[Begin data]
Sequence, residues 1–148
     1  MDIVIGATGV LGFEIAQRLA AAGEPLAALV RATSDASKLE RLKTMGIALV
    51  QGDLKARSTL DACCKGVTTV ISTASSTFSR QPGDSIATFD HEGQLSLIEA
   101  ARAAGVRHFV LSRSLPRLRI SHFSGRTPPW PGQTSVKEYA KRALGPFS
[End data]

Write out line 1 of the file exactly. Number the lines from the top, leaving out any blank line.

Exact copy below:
Sequence, residues 1–148